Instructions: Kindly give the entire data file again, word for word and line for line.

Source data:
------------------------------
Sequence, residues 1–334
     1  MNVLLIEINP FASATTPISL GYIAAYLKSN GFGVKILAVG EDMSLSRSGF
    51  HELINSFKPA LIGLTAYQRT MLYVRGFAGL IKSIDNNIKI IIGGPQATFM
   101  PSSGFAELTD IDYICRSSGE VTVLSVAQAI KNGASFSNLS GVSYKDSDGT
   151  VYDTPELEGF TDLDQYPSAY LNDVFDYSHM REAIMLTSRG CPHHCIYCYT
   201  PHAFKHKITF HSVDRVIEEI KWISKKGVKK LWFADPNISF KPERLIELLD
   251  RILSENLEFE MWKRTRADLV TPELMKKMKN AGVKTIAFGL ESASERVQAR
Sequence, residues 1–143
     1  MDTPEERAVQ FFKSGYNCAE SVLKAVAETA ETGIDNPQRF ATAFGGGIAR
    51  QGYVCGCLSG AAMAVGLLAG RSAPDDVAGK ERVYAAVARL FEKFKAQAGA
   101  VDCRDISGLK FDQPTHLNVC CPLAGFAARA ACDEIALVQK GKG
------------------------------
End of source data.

Sequence, residues 1–334
     1  MNVLLIEINP FASATTPISL GYIAAYLKSN GFGVKILAVG EDMSLSRSGF
    51  HELINSFKPA LIGLTAYQRT MLYVRGFAGL IKSIDNNIKI IIGGPQATFM
   101  PSSGFAELTD IDYICRSSGE VTVLSVAQAI KNGASFSNLS GVSYKDSDGT
   151  VYDTPELEGF TDLDQYPSAY LNDVFDYSHM REAIMLTSRG CPHHCIYCYT
   201  PHAFKHKITF HSVDRVIEEI KWISKKGVKK LWFADPNISF KPERLIELLD
   251  RILSENLEFE MWKRTRADLV TPELMKKMKN AGVKTIAFGL ESASERVQAR
Sequence, residues 1–143
     1  MDTPEERAVQ FFKSGYNCAE SVLKAVAETA ETGIDNPQRF ATAFGGGIAR
    51  QGYVCGCLSG AAMAVGLLAG RSAPDDVAGK ERVYAAVARL FEKFKAQAGA
   101  VDCRDISGLK FDQPTHLNVC CPLAGFAARA ACDEIALVQK GKG